With their access to trained jihadis in Federally Administered Tribal Areas (FATA), Khyber-Pakhtunkhwa and Kashmir, Azhar, Saeed and Ishaq will be much more difficult to control. And the stand-off with them is going to be even more bloody than the Lal Masjid operation was. It is inevitable because it is evident that the Punjabi Taliban is deeply linked to every major terror attack in Pakistan, including the brutal killings of Shias, Ahmadis and Christians. No one typifies this link more than the case of Dr. Usman, the first man Mr. Sharif ordered to be hanged after lifting the moratorium on executions in December. Usman, or Mohammad Aqeel, was trained in the Army’s medical corps, from where he was recruited by the LeJ. Along with TTP leaders and other Taliban commanders, he then went on to plan an assassination attempt on Gen. Musharraf, the General Head Quarters (GHQ) attack, the attack on the Sri Lankan cricketers and the Marriott hotel bombing. The Punjab link to the Peshawar massacre has already emerged, with four suspects detained in Hasilpur in Bahawalpur. It was from here that some calls were made to the attackers as they attacked the students.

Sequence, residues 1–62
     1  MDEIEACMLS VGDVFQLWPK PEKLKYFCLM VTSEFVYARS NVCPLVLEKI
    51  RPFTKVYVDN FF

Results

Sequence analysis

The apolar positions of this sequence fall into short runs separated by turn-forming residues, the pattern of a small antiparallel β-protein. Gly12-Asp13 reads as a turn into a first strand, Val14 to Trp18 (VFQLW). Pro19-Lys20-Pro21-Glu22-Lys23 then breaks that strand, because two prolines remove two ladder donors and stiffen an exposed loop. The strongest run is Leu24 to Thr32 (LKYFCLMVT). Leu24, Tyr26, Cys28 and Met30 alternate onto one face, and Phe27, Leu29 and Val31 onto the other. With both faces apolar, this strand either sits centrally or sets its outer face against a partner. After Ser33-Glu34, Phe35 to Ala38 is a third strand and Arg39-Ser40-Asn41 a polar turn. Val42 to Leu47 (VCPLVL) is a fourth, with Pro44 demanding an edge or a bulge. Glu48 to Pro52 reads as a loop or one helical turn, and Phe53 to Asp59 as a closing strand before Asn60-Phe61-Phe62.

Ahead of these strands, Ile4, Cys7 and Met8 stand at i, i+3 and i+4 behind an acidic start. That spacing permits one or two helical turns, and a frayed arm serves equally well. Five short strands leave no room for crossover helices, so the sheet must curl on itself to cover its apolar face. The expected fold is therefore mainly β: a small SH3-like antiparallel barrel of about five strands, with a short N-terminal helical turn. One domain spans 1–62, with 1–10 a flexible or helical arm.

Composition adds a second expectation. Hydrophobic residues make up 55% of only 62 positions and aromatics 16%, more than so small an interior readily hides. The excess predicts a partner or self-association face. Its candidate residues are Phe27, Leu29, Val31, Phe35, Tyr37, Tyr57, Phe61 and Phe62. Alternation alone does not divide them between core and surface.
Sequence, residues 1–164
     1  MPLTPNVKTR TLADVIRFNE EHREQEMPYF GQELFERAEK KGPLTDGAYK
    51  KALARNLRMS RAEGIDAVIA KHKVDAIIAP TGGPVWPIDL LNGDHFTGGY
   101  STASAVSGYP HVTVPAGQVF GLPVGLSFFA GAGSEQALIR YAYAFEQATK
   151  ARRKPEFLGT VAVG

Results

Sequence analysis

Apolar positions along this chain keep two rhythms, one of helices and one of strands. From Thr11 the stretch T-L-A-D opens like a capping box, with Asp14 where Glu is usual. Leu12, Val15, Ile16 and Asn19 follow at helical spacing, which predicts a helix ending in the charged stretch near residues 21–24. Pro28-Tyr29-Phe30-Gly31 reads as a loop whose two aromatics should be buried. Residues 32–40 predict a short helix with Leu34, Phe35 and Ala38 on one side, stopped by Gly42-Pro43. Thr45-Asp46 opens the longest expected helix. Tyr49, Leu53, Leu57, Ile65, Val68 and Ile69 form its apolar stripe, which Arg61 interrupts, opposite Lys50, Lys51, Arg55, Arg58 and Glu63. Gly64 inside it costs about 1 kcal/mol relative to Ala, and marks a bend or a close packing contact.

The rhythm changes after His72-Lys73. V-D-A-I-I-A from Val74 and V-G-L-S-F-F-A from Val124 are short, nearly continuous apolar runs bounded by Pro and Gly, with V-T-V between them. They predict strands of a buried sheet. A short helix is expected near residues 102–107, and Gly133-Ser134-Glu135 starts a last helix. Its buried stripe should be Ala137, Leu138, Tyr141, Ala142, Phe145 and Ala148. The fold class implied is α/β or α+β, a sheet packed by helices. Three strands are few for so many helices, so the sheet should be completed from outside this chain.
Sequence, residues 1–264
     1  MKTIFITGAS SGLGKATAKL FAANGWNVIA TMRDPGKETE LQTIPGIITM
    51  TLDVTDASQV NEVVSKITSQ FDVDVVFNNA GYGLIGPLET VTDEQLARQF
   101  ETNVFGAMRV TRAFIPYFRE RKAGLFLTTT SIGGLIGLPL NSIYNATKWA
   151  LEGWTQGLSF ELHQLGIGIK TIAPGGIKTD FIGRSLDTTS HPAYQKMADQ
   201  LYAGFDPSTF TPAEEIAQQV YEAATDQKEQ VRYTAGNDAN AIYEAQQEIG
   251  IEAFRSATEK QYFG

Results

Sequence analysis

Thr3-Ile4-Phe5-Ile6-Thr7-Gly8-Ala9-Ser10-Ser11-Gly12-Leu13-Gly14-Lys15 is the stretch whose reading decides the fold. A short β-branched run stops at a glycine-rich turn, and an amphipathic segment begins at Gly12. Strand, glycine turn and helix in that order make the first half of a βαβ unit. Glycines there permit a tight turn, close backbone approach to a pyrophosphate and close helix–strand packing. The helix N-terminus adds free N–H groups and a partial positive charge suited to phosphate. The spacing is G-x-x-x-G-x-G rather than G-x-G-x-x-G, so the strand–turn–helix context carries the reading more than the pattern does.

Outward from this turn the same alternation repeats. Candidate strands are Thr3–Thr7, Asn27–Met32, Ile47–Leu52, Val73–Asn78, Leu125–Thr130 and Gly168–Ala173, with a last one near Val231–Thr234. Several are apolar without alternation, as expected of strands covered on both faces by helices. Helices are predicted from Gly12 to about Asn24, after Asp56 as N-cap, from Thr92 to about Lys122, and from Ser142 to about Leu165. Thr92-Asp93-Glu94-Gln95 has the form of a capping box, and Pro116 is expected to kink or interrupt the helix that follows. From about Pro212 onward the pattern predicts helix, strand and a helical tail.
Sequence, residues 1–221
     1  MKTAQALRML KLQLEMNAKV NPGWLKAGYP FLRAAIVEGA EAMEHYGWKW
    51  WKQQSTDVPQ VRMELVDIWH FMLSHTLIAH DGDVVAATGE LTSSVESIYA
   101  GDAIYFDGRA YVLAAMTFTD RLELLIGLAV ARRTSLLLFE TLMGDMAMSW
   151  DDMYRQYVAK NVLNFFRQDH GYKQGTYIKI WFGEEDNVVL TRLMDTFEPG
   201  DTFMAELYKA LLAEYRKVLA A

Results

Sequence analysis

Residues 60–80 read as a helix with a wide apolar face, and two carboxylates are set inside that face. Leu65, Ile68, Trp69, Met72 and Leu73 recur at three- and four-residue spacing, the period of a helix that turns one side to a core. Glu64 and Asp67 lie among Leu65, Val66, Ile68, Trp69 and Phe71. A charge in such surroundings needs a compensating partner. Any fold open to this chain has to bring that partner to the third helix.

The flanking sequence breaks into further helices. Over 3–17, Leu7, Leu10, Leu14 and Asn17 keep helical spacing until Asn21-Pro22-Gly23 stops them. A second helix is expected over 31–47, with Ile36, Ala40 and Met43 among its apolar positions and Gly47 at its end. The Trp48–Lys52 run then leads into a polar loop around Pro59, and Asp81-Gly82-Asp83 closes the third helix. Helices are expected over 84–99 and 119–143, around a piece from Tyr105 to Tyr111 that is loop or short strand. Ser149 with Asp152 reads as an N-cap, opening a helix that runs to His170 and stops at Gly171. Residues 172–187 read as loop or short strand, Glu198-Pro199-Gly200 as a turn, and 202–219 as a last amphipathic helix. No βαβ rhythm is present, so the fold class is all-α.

Embedded in the establishment Finally, there is the Taliban threat that no one, not even in Rawalpindi, Washington, or in New Delhi likes to speak of — the institutional Taliban, or the radicalised elements who exist within Pakistan’s military, civil and judicial establishments. For this, one has to read the works of Pakistan’s best investigative journalists. In his riveting work, Talibanisation of Pakistan: 9/11 to 26/11 , journalist Amir Mir has written of the work of the Tableeghi Jamaat, whose headquarters in Raiwind adjoin Mr. Sharif’s family estate. It was former military leader Zia-ul-Haq who encouraged the Tableeghis to shape Pakistan’s military into “an army of Allah”. Since then, several top-level officers, and chiefs of the ISI in particular, have been members (most notably, Lt.Gen. Hameed Gul and Lt. Gen. Javed Nasir, both retired officers known to liaison with terror groups). “Many Pakistani government servants, military officers and scientists devote at least a part of their annual leave to do voluntary work for the Tableeghi Jamaat,” writes Mr. Mir, adding that the ‘Ijtema’ congregation represented “the picture of a well-designed, well-managed strategy to organize Islamic combatants, ready to wage jihad.” In fact, every attack on Pakistan’s military installations, from the GHQ, to Mehran naval base, to the Minhas air force base, or several attacks in FATA have been traced to radicalised officers.